Students pursue a "third person" academic approach drawn from the humanities and sciences to analyze the cultural, historical, and scientific underpinnings of contemplative experiences in religion, art, music, and literature. This is developed in combination with a "critical first-person" approach based in practical experience of contemplative techniques and methods to provide an integrated understanding of the role of contemplative thought and experience in societies and on the individuals who constitute them.
The concentration in Contemplative Studies investigates the underlying philosophical, psychological, and scientific bases of human contemplative experience.
Students in this concentration will:
- Identify the wide variety of contemplative experiences across cultures and across time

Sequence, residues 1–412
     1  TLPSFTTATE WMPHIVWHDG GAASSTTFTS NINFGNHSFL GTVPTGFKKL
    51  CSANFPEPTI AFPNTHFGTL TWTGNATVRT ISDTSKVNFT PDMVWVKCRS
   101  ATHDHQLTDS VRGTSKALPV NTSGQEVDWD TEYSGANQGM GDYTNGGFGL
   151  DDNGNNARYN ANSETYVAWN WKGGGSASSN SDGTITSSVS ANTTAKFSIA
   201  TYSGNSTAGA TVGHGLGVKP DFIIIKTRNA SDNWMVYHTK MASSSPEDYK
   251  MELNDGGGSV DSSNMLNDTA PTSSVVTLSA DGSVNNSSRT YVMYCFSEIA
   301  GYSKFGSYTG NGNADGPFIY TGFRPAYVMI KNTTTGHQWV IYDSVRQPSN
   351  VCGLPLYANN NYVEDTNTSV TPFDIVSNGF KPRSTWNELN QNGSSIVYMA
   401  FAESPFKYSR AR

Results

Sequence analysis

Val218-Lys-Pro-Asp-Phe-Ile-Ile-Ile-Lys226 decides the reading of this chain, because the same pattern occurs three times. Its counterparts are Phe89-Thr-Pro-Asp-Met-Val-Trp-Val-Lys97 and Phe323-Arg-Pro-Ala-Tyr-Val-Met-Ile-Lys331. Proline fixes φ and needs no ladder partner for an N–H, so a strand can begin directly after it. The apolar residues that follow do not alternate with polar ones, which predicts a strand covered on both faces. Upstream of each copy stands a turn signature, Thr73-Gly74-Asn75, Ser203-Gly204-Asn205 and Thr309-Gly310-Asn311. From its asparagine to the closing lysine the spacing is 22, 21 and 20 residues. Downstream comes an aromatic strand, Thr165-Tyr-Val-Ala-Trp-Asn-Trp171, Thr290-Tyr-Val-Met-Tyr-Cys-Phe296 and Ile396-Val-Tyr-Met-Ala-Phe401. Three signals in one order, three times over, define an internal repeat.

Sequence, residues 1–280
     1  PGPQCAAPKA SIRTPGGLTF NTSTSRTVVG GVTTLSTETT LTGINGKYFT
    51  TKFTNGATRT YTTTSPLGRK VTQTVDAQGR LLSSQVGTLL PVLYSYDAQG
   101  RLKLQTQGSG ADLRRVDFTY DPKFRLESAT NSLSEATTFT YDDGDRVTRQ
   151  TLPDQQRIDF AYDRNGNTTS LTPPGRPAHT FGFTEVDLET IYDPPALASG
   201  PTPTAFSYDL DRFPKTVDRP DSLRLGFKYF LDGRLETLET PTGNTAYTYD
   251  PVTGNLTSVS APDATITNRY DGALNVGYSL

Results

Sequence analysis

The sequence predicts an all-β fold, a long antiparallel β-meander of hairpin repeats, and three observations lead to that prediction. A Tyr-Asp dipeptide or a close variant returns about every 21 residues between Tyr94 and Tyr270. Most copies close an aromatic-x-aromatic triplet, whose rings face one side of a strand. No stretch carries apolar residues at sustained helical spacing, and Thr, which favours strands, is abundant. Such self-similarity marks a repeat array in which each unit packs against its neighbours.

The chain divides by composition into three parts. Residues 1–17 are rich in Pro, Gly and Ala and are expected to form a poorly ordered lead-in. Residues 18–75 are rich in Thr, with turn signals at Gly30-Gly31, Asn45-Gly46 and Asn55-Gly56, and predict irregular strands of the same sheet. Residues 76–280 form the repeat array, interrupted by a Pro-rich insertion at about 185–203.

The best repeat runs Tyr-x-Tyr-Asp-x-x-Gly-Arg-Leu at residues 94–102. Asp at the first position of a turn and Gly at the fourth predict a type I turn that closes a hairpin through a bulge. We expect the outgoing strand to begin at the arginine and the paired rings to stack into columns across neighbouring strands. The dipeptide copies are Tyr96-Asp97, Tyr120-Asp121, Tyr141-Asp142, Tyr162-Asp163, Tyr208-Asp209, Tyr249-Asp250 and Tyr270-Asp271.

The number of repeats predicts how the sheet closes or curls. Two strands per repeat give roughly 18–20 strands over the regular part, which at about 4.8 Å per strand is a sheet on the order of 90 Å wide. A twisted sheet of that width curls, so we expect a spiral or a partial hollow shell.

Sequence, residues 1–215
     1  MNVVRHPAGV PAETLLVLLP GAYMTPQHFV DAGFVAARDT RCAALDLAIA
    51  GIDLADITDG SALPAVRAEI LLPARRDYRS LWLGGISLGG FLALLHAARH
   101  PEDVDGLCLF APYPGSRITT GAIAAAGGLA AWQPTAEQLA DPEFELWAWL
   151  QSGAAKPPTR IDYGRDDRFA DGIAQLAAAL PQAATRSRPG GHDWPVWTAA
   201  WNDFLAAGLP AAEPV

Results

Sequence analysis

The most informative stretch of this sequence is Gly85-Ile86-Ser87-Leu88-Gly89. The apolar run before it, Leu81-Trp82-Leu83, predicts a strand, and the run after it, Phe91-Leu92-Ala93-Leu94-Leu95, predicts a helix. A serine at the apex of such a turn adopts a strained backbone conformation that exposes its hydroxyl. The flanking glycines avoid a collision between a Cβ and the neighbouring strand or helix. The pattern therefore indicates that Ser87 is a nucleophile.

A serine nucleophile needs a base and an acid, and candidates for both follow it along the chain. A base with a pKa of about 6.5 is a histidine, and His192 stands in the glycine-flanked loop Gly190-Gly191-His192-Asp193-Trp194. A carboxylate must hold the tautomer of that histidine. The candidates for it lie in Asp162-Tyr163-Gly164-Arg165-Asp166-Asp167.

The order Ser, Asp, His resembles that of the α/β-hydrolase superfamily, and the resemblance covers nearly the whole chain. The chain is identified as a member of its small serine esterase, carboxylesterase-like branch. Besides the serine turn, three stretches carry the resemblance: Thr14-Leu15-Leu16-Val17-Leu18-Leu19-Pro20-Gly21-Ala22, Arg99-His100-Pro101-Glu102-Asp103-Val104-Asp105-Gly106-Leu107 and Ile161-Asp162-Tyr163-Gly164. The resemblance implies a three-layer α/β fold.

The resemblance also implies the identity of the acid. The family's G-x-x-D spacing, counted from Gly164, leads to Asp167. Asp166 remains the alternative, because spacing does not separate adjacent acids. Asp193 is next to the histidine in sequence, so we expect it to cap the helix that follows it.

- Examine scientific and philosophical explanations for contemplative experiences
- Cultivate direct first-person knowledge of contemplative experiences
- Assess the meaning and significance of contemplative experiences both within the traditions from which they emerged and on a personal level for our students
- Produce and present a humanities- or science-based independent research project
Department Undergraduate Group (DUG)
Student Leaders: Jodi Scharf, Cameron McCartin, Sophie Sandweiss
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Alumni have pursued careers in medicine, education, research, and a range of non-profit organizations. Others have pursued graduate study in psychology, neuroscience, Contemplation and Peace Studies, and Tibetan Buddhist Studies.
What are Contemplative Studies concentrators doing...